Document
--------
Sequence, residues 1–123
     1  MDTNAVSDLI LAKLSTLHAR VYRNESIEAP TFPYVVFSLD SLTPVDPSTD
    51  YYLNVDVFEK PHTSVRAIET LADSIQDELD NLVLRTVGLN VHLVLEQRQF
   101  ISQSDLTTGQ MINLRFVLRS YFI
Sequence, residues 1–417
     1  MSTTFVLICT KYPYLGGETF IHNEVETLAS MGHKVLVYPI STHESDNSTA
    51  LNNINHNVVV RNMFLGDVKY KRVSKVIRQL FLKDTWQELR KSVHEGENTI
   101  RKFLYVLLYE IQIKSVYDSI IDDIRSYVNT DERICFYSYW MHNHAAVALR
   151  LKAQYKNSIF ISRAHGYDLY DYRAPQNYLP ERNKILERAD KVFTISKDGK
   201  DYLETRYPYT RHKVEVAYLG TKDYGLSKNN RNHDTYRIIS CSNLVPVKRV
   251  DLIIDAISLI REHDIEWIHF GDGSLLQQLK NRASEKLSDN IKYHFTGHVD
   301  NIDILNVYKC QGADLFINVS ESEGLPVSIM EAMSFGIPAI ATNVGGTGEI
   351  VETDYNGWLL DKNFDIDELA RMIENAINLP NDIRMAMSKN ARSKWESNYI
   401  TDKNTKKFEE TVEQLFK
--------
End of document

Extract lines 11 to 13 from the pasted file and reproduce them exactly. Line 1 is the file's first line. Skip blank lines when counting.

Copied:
   251  DLIIDAISLI REHDIEWIHF GDGSLLQQLK NRASEKLSDN IKYHFTGHVD
   301  NIDILNVYKC QGADLFINVS ESEGLPVSIM EAMSFGIPAI ATNVGGTGEI
   351  VETDYNGWLL DKNFDIDELA RMIENAINLP NDIRMAMSKN ARSKWESNYI